ST. JOSEPH — A Berrien County judge ruled Friday that Christopher Tobar, who currently is serving life in prison without parole, is not irreparably corrupt, is capable of change, and should be re-sentenced.
That was good news for Tobar, who attended court by video from a state prison and learned that he will have a chance to some day be free.
With everyone attending court wearing face masks due to the coronavirus pandemic, Berrien County Trial Court Judge Gary Bruce read aloud his 14-page ruling denying the prosecution’s motion to re-sentence Tobar to life without parole.
At an earlier hearing, Berrien Assistant Prosecutor Amy Byrd had fought for the prosecution’s motion while Sofia Nelson from the State Appellate Defenders Office argued for Tobar to be re-sentenced to a term of years.
His re-sentencing is set for May 26 at 1:30 p.m.
Tobar, now 44, was 17 when, on Jan. 30, 1993, he shot and killed Paries Cummings as she walked alone at around 2:30 a.m. along Clay Street in Benton Harbor.
Tobar was one of four people in a vehicle when he and another person exited the vehicle carrying sawed-off shotguns, and ordered Paries to lay face down on the ground. Seconds after the other person shot at a passer-by, but missed, Tobar fatally shot Paries, 33.
Tobar was convicted of first-degree felony murder and was sentenced to life without parole, the mandatory penalty for that crime in Michigan.
But the U.S. Supreme Court, in the 2012 case of Miller vs. Alabama, ruled that mandatory, automatic life without parole for a juvenile is unconstitutional because a juvenile’s brain is not fully developed. The remedy is for a judge to have the discretion to sentence to life without parole or some term of years.
In 2016, the Supreme Court ruled the Miller decision retroactive, so courts in Michigan had to dust off their juvie-lifer cases for review. Prosecutors could file a motion for a Miller hearing, in which the prosecution could fight for a sentence of life without parole while defense lawyers could fight for a term of years.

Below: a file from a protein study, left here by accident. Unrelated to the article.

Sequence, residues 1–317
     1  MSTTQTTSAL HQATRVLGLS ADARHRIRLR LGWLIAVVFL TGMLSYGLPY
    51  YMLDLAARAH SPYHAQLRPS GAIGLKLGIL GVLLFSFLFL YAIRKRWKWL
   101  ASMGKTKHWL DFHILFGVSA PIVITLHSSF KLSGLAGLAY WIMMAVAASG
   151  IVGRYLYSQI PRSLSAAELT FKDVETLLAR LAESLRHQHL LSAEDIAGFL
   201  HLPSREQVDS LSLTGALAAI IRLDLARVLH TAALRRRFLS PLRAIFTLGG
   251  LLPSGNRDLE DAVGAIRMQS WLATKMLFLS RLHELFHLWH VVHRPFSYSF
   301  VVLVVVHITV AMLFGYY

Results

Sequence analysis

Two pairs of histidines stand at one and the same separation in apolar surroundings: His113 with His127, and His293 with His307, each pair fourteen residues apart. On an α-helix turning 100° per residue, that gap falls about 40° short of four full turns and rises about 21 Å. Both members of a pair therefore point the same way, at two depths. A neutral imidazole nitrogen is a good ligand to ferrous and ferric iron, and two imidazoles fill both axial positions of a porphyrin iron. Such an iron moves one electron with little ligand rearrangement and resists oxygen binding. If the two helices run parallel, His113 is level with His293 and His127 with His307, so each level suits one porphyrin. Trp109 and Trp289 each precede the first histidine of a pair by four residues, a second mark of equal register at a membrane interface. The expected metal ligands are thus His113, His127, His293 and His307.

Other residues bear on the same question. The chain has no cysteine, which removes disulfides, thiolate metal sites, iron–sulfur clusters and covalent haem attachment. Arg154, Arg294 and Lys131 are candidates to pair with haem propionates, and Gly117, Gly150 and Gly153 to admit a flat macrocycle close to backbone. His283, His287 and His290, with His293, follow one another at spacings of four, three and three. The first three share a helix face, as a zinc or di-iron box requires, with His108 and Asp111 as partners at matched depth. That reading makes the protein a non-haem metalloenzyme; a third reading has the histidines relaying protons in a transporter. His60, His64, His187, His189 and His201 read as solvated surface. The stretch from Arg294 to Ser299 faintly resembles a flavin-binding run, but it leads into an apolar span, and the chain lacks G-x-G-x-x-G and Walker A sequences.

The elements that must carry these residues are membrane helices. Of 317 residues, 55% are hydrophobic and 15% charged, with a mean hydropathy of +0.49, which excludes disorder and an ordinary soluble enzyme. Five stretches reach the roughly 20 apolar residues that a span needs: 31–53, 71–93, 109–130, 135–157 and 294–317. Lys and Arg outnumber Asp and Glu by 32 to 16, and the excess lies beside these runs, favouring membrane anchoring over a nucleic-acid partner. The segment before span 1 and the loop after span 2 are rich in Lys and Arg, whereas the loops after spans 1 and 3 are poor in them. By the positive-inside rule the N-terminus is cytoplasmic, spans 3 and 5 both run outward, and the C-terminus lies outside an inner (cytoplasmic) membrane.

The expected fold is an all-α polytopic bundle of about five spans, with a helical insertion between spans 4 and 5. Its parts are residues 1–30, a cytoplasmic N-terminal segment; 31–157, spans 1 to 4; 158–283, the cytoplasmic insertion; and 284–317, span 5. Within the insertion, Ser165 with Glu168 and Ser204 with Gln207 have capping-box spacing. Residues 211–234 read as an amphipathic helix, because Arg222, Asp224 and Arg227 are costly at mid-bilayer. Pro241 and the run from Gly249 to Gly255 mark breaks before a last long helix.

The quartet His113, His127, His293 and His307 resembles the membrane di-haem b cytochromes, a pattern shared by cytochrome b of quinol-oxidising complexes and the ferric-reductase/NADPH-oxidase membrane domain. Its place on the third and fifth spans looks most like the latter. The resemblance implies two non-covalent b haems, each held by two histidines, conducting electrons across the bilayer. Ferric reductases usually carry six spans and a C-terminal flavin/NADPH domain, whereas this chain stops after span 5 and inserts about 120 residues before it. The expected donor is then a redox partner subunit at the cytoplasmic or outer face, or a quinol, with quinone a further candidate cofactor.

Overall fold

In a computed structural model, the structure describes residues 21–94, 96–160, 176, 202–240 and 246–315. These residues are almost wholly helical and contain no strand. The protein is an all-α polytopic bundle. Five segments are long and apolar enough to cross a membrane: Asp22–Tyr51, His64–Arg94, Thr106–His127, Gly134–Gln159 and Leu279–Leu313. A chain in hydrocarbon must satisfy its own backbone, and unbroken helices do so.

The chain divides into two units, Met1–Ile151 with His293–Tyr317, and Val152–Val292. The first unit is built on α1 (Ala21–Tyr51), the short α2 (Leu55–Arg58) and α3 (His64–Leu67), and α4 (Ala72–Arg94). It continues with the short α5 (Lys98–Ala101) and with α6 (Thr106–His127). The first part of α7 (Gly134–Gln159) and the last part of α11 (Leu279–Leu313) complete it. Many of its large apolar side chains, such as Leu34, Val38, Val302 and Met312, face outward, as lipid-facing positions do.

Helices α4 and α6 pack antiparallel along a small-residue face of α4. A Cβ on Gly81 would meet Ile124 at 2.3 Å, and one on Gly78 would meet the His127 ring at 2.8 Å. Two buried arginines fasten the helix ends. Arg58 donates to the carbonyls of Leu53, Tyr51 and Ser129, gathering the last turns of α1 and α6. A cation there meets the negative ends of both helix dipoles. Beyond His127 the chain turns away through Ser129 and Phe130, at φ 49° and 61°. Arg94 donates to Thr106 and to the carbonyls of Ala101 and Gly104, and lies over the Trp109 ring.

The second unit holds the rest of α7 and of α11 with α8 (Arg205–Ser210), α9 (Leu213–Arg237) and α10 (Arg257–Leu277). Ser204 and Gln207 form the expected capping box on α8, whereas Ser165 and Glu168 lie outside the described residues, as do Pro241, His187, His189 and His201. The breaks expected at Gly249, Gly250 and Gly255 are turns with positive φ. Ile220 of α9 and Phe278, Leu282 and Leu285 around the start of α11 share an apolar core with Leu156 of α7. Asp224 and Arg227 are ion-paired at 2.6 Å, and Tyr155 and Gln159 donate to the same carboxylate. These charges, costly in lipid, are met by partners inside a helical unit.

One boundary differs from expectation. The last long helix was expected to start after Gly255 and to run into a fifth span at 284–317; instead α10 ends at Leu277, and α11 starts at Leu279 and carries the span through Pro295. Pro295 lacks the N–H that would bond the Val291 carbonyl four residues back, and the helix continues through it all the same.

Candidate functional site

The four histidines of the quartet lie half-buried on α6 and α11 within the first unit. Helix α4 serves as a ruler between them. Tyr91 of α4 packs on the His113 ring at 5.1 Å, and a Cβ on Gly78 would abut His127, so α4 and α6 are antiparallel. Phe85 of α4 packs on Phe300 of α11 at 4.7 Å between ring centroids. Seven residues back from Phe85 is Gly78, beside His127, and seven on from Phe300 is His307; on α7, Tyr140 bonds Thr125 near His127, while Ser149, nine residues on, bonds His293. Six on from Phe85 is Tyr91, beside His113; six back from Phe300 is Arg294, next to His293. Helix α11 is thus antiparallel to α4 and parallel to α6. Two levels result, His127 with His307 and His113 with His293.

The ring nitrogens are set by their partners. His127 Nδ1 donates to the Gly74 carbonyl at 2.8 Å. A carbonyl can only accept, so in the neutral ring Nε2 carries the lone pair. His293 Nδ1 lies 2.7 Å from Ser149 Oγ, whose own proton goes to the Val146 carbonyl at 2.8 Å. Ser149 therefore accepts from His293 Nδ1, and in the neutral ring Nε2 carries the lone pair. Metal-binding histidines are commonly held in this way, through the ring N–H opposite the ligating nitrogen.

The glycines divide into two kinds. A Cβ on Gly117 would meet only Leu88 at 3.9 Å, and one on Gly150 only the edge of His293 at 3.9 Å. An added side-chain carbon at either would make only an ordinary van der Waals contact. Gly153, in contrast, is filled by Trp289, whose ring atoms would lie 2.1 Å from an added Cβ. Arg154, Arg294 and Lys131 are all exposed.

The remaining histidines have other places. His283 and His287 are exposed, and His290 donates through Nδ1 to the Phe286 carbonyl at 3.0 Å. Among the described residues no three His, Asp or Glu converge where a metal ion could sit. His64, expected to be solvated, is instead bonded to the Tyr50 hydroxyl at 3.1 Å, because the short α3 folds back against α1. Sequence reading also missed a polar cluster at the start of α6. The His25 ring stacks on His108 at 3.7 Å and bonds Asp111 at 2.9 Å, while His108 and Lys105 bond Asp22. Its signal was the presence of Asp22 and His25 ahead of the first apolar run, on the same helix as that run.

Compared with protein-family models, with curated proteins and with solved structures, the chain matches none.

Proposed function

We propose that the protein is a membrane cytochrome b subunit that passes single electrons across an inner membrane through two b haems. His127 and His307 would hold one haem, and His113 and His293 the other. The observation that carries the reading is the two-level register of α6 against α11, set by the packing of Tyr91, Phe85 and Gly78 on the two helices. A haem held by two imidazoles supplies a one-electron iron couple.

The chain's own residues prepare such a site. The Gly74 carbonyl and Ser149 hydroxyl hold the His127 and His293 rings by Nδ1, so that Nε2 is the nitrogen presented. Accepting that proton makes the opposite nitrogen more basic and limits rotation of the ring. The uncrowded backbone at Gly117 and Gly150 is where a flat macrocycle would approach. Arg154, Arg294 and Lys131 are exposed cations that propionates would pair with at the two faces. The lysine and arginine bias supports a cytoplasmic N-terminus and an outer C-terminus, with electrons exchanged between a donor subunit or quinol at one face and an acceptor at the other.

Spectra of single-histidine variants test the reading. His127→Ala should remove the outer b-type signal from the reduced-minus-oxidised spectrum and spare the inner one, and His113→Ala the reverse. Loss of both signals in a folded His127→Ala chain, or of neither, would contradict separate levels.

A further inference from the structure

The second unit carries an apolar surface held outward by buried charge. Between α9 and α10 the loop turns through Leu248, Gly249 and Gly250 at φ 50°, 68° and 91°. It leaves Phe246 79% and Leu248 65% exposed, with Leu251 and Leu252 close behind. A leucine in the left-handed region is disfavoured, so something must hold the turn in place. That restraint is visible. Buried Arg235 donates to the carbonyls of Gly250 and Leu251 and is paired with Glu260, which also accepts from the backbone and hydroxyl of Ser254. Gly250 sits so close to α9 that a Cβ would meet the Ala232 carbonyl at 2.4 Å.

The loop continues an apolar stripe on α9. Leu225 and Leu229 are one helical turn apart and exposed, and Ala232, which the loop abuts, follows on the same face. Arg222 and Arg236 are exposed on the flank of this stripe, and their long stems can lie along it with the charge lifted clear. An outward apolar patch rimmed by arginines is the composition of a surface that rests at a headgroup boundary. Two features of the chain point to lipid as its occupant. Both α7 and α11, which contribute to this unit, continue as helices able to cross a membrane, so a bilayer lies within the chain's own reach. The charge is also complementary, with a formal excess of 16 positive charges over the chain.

Berrien County Prosecutor Michael Sepic filed Miller motions in several cases, including Tobar’s. His Miller hearing was conducted by Judge Bruce in February.
Factors a judge must consider in a Miller hearing, besides the facts of the case, include the defendant’s history as a youth, childhood and home life, family history, mental health issues, school history and general relative maturity of the inmate as a youth. Conduct in prison can also be considered.
The sentence of life without parole should be reserved for the rare juvenile who is found to be irreparably corrupt, the Supreme Court said.
In announcing his decision Friday, Bruce said based on testimony during Tobar’s Miller hearing, the prefrontal cortex of his brain, which controls the decision-making function of the brain, was not fully developed, leaving him subject to impulse and limiting his ability to make decisions during a stressful situation.
Further, the judge said, Tobar had experienced severe childhood trauma, had consumed alcohol prior to his actions the night of the killing, was susceptible to peer influence and displayed the “hallmark features of youth” as defined by the Miller decision.
At Tobar’s Miller hearing, Michael Dannefell, a sheriff’s deputy who was on loan to the prosecutor’s office to conduct background investigations on Berrien’s juvenile-lifers, testified that Tobar’s prison record is relatively positive and that he had the “worst childhood” and least prison misconducts of any of the cases he’d investigated.
Tobar’s sister, Alethea Tobar, testified at his hearing that he has never denied his guilt and has said that he is sorry for his actions in 1993. Accepting responsibility and showing genuine remorse are factors in a Miller hearing.
Testifying himself at his Miller hearing in February, Tobar told the court that his childhood was characterized by frequent moves, hunger, lack of proper or clean clothing, lack of heat and electricity, cockroach infestations and other deplorable conditions.
He said he’d witnessed a man hold a gun to his mother’s head while she was holding a baby, and that at age 9 or 10, he had witnessed a man shot in the face at close range on their front porch.
Based on testimony, Judge Bruce said, Tobar was the youngest person in the car the night of the killing, and had gotten out of the car and pointed a gun at Paries Cummings because another person in the car “told me to.”
One doctor testified that Tobar’s childhood trauma was some of the worst she’d heard of and that, in her opinion, he not only is capable of rehabilitation, he has been rehabilitated.
“To summarize, the defendant’s actions of Jan. 30, 1993, were a prime example of immaturity, impetuosity and failure to appreciate the risks and consequences,” the judge read from his ruling. “It was … a runaway train.”
Bruce said after considering all the factors and testimony on both sides, he could not conclude that Tobar is one of those “rare offender(s) whose crime reflects irreparable corruption,” and believes, based on the law, he should be re-sentenced.